I never tire of regional novelties like cooking a skewer of something in a boiling pot of satay sauce, which constitutes something of a specialty in Melaka (Malacca), Malaysia and is the raison d’etre of Capitol Satay. This style of satay, satay celup, was (as far as I can find) invented by the owners of Capitol Satay in the 1950s and continues to be a reason for Kuala Lumpurites to drive down to Melaka to eat a morsel on a stick.

Capitol Satay, Melaka

Capitol Satay on Lorong Bukit China is packed with satay-boiling punters from the moment it opens around 5:30pm until whatever ungodly hour that it closes. Pick from a random and wide array of skewered components from their refrigerator, ranging from meats to quail eggs to tofu and wontons, take a seat and wait for a roiling pot of peanut sauce to arrive at your table and present you with a new opportunity to burn yourself on a rich and sticky fluid.

Satay Celup at Capitol Satay, Melaka

The result: not as tasty as it is downright fun. The flavours of your chosen components barely make a dent in the satay sauce’s nuttiness, and conversely, very few of the components (apart from bread and tofu) soak up much sauce. I’m still positive that I lost a wonton in the sauce’s simmering brown depths never to be seen again.

Location:Capitol Satay Celup, 41, Lorong Bukit China, Melaka (Malacca), Malaysia

Cendol and pearls

Cendol

These green worms are cendol (pronounced chen-dul), made from green pea flour flavoured with pandan leaves. They’re essential for making the dish that is their eponym: a combination of the worms, shaved ice, santan (the first extraction of coconut milk), gula (palm sugar) and often red beans. With a dish so simple, the only key is finding a vendor who uses top quality ingredients.

Tapioca Pearls

The same vendor selling the cendol had (what I’m guessing are) tapioca pearls, dyed red. From a distance I thought that they were pomegranate arils, but on closer inspection, they clearly were not.

Any suggestions?

See Also: The Star Online provides a recipe for cendol.

Kota Bharu’s Central Market

Kota Bharu Central Market
The central octagonal hall of Kota Bharu’s central market (Pasar Siti Khadijah) opens up like a cathedral devoted to the veneration of fresh Malaysian produce. A skylight illuminates the scene in a dull sepia glow throughout the day; upper levels providing a birds-eye view of the myriad proceedings below. By the crowded standard of Malaysia’s wet markets, Kota Bharu market has an overwhelming sense of austerity in comparison.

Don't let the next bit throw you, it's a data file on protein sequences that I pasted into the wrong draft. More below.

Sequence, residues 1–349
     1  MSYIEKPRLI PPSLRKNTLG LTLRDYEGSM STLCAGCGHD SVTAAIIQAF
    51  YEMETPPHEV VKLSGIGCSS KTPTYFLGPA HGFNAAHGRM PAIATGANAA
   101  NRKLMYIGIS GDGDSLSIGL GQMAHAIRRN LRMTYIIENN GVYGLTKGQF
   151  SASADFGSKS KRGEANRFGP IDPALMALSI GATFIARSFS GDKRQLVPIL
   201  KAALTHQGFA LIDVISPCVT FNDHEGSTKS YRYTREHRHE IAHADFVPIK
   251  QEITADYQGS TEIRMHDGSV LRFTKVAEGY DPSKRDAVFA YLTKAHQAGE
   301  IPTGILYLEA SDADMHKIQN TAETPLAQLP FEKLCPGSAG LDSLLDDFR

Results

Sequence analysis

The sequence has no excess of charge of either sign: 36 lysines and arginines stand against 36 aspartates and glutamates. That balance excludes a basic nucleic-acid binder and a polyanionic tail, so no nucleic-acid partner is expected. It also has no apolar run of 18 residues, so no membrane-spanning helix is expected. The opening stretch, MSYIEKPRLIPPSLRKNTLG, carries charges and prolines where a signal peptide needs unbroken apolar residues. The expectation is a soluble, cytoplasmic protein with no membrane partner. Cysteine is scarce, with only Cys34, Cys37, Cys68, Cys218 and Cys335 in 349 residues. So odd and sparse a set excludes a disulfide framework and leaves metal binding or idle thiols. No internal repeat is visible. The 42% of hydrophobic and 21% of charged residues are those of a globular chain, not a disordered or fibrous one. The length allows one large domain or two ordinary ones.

A while ago EatingAsia rhetorically asked whether you’d consider moving for a wet market, and for this one, I probably would. I ended up lingering for a few extra days in Kota Bharu just for the food, dropping by the market’s outstanding food hall for my curry fix. I had expected that Penang would be the sort of place that I could settle in, but not this northeastern corner of peninsular Malaysia. Maybe I could overlook the Kelantan state’s dominant but declining political party toying with the idea of hudud law. Maybe I could dismiss the concomitant lack of a brewery.

Kota Bharu Central Market

The ground floor plays host to primarily vegetable sellers on raised platforms with meats confined to the darker outer rim.

Keropok on sale at Kota Bahru Central Market

Keropok lekor, grey tubes of fish paste and starch, are probably one of the world’s least attractive foods in their pre-fried form. These snakes of sticky paste are sliced diagonally and then deep fried; giving a little crispness on the outer edges and chewiness to the centre. The flavour (in this case) is unrelenting fish.

Cleaning fish with a cleaver at Kota Bharu Central Market

I am always impressed by the effortlessness and economy by which people can clean a fish with a meat cleaver without destroying it. Any time I’ve tried it myself, I end up reverting back to a more flexible knife to peel out the chunks of fillet that I’ve missed entirely. The above method involved cutting the fish along the fillet on each side, then cleaving the head cleanly in two, so that the buyer received exactly half a fish, sans-innards.

See also:To Market, to market event at A Scientist in the Kitchen